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Tissue repair drug could revolutionise treatment of diabetic foot ulcers

Scientists have revealed a new approach to treating foot ulcers after finding that a tissue repair drug is particularly effective at tackling this common diabetes complication.
It is believed that around 1 in10 diabetic patients develop a foot ulcer at some point, and left untreated they can lead to hospitalisation and even lower limb amputation.
But researchers in Italy say they have now found a pharmacological approach for improving the healing of diabetic foot ulcers and preventing amputation.
The scientists conducted a randomised, double-blinded, placebo-controlled clinical trial of 216 diabetic participants with foot ulcers who were free of visible infection. The participants were assigned to either receive injections of the tissue repair drug polydeoxyribonucleotide (PDRN) or a placebo for eight weeks.
During follow-up, more than a third (37%) of the PDRN-treated patients had their ulcers completely closed, compared with 19% of those who received the placebo, suggesting the tissue repair drug was twice as effective at healing the ulcers. Participants also reported fewer side effects from PDRN.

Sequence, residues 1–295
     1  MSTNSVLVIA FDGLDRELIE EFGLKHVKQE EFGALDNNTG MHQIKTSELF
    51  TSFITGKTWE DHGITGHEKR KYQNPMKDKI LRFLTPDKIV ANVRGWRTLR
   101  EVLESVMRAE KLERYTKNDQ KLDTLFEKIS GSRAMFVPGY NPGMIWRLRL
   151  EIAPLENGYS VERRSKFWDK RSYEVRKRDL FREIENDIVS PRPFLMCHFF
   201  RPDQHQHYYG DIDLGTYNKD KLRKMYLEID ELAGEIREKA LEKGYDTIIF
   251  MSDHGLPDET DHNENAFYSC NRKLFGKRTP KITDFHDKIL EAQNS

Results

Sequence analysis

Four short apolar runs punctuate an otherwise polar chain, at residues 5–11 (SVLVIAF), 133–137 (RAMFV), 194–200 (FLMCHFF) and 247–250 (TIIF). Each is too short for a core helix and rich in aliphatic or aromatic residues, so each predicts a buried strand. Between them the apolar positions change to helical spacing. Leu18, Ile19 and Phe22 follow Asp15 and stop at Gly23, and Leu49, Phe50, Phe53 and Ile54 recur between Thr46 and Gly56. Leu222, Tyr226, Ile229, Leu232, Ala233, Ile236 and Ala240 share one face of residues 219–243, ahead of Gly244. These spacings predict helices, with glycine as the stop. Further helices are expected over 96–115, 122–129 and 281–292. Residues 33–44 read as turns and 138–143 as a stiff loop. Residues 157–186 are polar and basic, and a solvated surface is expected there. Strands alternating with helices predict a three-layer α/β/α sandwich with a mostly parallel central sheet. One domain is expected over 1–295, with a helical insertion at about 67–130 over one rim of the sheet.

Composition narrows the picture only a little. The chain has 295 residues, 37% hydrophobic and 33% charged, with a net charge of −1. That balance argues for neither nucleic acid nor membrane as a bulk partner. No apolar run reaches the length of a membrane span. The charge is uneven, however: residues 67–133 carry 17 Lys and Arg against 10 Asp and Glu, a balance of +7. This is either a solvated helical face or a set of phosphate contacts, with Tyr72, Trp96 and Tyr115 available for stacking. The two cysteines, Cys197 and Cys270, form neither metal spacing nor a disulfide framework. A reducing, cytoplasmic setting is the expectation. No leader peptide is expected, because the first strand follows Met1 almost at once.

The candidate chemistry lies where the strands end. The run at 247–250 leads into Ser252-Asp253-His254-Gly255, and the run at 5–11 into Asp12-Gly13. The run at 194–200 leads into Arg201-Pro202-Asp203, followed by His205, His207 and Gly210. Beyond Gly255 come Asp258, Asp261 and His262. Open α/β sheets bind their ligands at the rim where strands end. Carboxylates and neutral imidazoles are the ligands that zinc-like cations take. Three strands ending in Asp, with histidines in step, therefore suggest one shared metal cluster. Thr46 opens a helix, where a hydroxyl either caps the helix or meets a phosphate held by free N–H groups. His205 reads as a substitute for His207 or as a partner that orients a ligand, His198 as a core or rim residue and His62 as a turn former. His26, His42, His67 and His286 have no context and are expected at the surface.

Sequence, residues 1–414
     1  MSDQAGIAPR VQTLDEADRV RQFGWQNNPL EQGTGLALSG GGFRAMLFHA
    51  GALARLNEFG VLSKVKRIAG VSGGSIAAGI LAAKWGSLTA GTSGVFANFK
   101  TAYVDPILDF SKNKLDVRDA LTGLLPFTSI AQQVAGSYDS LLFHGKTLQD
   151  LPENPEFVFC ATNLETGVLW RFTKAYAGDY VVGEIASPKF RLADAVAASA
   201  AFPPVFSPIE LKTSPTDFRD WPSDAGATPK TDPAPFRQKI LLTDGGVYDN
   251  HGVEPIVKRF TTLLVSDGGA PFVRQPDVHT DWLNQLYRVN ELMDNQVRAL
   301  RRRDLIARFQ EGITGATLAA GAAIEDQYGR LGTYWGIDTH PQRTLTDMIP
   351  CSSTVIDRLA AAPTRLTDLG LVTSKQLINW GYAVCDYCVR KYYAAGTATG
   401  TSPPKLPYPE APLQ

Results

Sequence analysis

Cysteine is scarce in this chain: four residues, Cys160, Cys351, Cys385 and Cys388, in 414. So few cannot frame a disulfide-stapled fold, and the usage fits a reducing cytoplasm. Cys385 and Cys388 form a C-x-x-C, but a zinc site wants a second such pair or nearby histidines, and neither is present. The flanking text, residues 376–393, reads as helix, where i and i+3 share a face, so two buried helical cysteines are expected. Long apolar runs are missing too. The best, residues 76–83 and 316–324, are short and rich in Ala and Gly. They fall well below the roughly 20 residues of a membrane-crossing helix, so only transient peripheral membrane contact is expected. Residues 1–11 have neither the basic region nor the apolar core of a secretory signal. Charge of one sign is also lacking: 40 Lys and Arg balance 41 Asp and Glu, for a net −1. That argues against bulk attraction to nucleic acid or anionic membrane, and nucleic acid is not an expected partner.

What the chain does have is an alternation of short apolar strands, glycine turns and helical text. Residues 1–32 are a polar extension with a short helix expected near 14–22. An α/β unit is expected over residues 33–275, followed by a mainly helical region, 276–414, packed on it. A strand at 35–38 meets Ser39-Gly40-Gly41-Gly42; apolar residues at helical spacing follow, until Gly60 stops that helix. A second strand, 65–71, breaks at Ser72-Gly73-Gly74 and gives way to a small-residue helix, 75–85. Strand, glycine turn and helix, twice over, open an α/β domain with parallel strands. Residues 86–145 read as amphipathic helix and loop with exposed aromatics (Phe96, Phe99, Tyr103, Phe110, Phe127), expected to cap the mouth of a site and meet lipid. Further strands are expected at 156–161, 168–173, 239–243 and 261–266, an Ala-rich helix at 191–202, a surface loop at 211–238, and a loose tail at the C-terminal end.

“Foot ulcers are a dangerous and expensive complication for people with diabetes, and current treatments such as hyperbaric oxygen therapy are costly and can have side effects,” said one of the study’s authors, Francesco Squadrito, MD, of the University of Messina in Gazzi Messina, Italy.
“Our study showed for the first time that a pharmacological approach can improve wound healing in people with diabetes.”
He added: “This approach could revolutionise the treatment of diabetic foot ulcers – a main cause of hospital admissions in the developed world.”
“An estimated 382 million people worldwide have diabetes, and it is crucial to find effective treatment options for hard-to-heal ulcers and other complications facing millions of patients.”
The research findings are due to be published in the Endocrine Society’s Journal of Clinical Endocrinology and Metabolism (JCEM).

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